Day 1 Thursday 30 September

Please note: Program times are aligned to AEST Time Zone

Access a PDF version of the program here


Registration for the Public Program
E Block, Level 5 Foyer | QUT Kelvin Grove Campus | 20 mins


E Block, Level 5 Foyer | 45 mins
The public program commences – public attendees invited to lunch 


E Block, Room 550 | 30 mins

Welcome to Country – Uncle Cheg Egert, Elder in residence at QUT
Welcome from Patrik Wikström (DMRC, QUT),  Jean Burgess (QUT) and Axel Bruns (QUT)


Session 01: Overview of Critical Challenges and Opportunities in News and Media Around Automated Decision-Making
E Block, Room 550 | 45 mins

This session introduces the key themes addressed by the ADM+S News & Media Focus Area, outlines the program of sessions throughout the two days of the Symposium, and highlights the emerging challenges and opportunities for research, industry, policy-makers, and society as automated decision-making processes are deployed across news and media industries in Australia and beyond.




Session 02: Search Engines and Recommendation Systems
E Block, Room 550, | 60 mins

This session considers the social and ethical issues that arise with the use of search engine rankings and recommender systems. How do these systems impact on the human experience of culture and technology? How can recommender systems account for values like diversity and representation of minority voices and cultures? What does ‘responsible recommendation’ mean, and how can – and should – platforms take responsibility for how their recommender and ranking systems display, privilege, and amplify certain messages?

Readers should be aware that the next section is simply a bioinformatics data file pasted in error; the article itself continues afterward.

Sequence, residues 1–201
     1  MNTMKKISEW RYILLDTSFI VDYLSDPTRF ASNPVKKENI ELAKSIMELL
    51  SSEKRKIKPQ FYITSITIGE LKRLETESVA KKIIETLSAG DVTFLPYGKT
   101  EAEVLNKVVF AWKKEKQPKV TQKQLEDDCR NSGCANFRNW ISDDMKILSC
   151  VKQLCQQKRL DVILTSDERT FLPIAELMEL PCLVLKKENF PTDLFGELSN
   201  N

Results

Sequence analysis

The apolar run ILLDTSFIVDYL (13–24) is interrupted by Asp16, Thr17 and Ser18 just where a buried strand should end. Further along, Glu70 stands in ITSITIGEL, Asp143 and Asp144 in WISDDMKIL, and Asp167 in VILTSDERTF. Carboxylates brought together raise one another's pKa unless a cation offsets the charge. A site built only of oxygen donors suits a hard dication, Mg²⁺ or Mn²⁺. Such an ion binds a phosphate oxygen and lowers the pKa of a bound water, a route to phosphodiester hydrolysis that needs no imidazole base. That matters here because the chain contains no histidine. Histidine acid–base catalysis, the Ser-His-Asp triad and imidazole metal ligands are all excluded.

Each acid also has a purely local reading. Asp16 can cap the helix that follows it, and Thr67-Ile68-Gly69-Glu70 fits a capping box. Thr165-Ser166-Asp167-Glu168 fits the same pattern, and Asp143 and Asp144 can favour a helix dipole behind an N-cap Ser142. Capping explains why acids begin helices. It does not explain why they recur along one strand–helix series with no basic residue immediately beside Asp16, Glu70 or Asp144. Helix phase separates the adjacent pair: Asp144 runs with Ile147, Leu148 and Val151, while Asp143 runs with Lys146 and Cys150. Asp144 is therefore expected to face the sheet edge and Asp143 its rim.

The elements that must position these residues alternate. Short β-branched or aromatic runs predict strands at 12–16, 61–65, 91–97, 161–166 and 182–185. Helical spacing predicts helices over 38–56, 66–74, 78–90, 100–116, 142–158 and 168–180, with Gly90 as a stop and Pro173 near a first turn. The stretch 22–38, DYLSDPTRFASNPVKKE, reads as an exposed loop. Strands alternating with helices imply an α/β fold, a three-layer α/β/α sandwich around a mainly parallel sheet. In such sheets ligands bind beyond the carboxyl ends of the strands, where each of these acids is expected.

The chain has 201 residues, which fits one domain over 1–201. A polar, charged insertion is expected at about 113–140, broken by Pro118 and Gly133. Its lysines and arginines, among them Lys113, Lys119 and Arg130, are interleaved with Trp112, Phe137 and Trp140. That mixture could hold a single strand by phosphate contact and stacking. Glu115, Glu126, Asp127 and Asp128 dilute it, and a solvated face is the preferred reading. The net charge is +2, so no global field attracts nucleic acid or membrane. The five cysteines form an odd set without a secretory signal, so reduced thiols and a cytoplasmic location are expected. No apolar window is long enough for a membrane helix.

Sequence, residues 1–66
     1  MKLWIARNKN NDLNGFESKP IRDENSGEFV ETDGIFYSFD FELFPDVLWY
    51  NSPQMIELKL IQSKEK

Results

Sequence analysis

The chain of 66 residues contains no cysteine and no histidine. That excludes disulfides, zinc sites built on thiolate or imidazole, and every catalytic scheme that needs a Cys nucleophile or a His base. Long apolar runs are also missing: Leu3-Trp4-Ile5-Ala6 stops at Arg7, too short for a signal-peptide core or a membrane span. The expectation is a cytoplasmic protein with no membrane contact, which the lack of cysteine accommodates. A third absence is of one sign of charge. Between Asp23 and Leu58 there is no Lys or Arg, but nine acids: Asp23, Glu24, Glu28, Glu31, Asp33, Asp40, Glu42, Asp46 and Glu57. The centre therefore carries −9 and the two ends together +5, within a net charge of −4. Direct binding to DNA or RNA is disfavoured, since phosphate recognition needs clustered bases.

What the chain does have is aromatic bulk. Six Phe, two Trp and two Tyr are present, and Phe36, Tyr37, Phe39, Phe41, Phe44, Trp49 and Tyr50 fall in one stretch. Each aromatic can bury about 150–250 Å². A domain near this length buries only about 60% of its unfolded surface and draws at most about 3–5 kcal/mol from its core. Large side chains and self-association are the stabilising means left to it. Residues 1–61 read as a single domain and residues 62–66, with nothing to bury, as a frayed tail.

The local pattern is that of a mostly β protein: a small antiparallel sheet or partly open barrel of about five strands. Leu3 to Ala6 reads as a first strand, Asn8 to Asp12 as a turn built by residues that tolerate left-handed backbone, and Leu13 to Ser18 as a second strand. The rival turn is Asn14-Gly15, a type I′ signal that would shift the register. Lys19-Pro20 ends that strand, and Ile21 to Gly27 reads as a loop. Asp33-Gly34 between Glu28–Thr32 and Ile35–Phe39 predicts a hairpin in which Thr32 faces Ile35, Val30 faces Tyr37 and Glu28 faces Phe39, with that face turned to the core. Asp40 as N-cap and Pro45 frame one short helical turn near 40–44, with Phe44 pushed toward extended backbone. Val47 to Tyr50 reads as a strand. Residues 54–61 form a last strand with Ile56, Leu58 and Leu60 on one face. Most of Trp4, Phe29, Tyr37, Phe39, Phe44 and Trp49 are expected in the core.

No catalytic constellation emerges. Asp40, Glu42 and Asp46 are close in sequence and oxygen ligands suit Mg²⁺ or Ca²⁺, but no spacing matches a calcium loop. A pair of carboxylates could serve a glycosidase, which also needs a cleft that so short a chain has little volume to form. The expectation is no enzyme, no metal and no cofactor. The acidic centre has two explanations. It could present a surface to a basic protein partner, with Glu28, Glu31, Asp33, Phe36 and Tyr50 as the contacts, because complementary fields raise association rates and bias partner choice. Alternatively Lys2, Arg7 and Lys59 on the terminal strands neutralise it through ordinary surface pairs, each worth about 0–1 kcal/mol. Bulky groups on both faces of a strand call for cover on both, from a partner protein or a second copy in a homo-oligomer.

Afternoon Tea
E Block, Level 5 Foyer | 30 mins


Session 03: Search Personalisation and Polarisation
E Block Room 550, QUT Kelvin Grove Campus | 60 mins

This session introduces one of the flagship research initiatives in the News & Media Focus Area: the Australian Search Experience project. The project builds on the work of ADM+S partner organisation AlgorithmWatch, whose Executive Director Matthias Spielkamp will review the outcomes of AlgorithmWatch’s 2017 data donation project in Germany. The session then outlines the aims of the Australian Search Experience project’s extension of this work, and presents early results from an analysis of its first data donations.



Matthias Spielkamp - AlgorithmWatch


Session 04: News and Automation
E Block, Room 550, QUT Kelvin Grove Campus | 60 mins

Automated decision-making systems, algorithms, and artificial intelligence solutions are used increasingly widely in the news industry and related areas. Such tools are used in journalistic investigations, enabling data journalism and related practices; in content production, where automated newswriting produces stock market, sports, and weather reporting; and in audience engagement, as news outlets seek to maximise the visibility of their stories on search and social media platforms. This session discusses how these and other developments can assist with mundane journalistic tasks, but also introduce the potential for further staff reductions, content targeting, and journalistic error.



Rasmus Kleis Nielsen - Reuters Institute For The Study of Journalism

Wiebke Loosen - Hans-Bredow Institute

Edson Tandoc Jr. - Nanyang Technological University

David Tomchak - Oxford Internet Institute, University of Oxford


End of Day 1 symposium program


QUTex Events: Societies on the Brink: Understanding the Dynamics of Partisanship and Polarisation

This free event hosted at QUT, Kelvin Grove and online will feature a lively discussion with Professor Axel Bruns.

For more information and registration details go to the QUTex webpage

Day 2 Friday 1 October


Registration (for participants attending day 2 only)
E Block, Level 5 Foyer, QUT Kelvin Grove Campus | 20 mins


Session 05: Automated Content Curation and Moderation:
Problematic and ‘Borderline’ Content

E Block, Room 550, QUT Kelvin Grove Campus | 60 mins